Health suite

A Message from the School Nurse

Throughout the school year, the nurse and staff will be reinforcing with students proper hand washing, playground safety, allergies and THE SEVEN B’S.  The most common reasons to come see the nurse fit under this heading.

  1. Bleeding:more than one Band-Aid can cover.
  2. Breathing Bad
  3. Broken Bone
  4. Barfing (yucky word, but it fits under the B’s)
  5. Burning Up
  6. Bee or insect sting
  7. Big Bump/Bumped head

First-aid and medical care provided by the school nurse is mainly for illnesses or injuries that occur at school during the school day.  The Health Office is not a primary care facility like a doctor’s office.  The nurse is qualified to collaborate with you and your child's physician to provide an educational environment in which your child can learn and thrive. 


Illness/Communicable Disease Control

1. School is no place for a sick child.  Please do not send your children to school if:

•           they have a fever

•           have vomited (more than one episode or associated with fever or diarrhea)

•           have any diarrhea in the last 12 hours

•           Children should be free of fever for 24 hours before returning to school, regardless of how they feel.  If your child has been diagnosed with a communicable disease such as strep throat or pink eye, s/he must have been on antibiotic treatment (and free of fever) for 24 hours prior to returning to school.  Please provide a doctor’s note regarding such treatment. Also, please notify the school office or school nurse of any diagnosed communicable disease so that other parents can be notified.


Signs/symptoms of illness:

        - Fever (oral temp of 100.0 or more)

        - Diarrhea, any loose stools

        - Red, watery eyes, pus in corners

        - Constant sneezing and/or deep cough, constant runny nose

        - Unexplained rash

        - Headache

        - Nausea or vomiting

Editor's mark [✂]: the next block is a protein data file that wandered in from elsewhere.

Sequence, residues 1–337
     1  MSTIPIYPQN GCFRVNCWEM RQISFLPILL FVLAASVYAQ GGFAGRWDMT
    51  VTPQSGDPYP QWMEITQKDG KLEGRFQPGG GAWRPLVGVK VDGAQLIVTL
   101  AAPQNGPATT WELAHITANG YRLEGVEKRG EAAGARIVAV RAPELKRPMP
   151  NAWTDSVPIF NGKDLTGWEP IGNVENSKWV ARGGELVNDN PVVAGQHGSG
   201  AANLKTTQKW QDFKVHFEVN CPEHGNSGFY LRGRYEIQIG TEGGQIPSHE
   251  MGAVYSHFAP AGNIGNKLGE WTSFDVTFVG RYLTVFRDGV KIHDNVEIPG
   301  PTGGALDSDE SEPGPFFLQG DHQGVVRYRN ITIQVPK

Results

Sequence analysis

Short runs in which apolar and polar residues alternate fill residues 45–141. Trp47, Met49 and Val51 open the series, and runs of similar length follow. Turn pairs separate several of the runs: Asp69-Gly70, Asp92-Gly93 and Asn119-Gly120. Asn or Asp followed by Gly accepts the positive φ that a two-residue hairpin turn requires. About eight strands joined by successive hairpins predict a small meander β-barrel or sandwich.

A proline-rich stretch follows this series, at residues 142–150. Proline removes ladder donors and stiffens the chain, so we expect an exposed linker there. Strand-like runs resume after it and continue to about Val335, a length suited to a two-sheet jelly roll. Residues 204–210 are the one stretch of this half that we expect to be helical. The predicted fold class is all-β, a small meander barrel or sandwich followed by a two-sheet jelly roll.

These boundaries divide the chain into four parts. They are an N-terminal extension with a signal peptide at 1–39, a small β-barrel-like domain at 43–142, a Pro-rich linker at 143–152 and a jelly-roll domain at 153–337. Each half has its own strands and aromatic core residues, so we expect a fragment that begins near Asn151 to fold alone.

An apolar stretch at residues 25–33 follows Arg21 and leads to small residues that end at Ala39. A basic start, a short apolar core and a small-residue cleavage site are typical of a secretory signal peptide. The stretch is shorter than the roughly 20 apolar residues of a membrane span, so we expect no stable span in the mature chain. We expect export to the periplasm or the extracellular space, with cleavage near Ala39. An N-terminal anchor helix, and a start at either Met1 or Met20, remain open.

- Swelling of the neck or face

        - Flushed face or paleness

        - Very sore throat

        - Painful earache

2.  Please do not send a sick child to school for the school nurse to decide whether s/he should be in school.  If in doubt, call your family physician.  School nurses can assess and refer, but cannot diagnose, and will always refer to your physician if in doubt.


3.  If your child sustains an injury at home, please provide care and treatment before sending your child back to school. The school nurse is more than happy to take care of injuries that happen during school hours, but cannot take the place of your primary physician's evaluation and treatment.


4.  If your child becomes ill enough to be dismissed from school, has more than a minor injury, or has an emergency, you will be notified.  Students are not permitted to walk home during school hours. Please make sure there are up-to-date phone numbers on your child's emergency sheet. 


5.  If your child has a temperature in the health office of 100 degrees or greater, s/he will be sent home.  Any child with an undiagnosed rash will be sent home and should remain out of school until symptom-free or a physician verifies (with a written note) that the child is not contagious and may to return to school.  If your child is sent home by the school nurse due to fever, s/he may not return to school for at least 24 hours even if s/he is feeling better. 


If every parent follows these procedures, it will prevent the spread of contagious diseases, some which may be life threatening.

AS ALWAYS, hand washing is the best defense against the spread of disease and should be done frequently, and:

  • Before eating or drinking
  • If visibly soiled
  • Before and after using the bathroom
  • After contact with body secretions and excretions, i.e., blood, mucous, saliva, drainage from wounds

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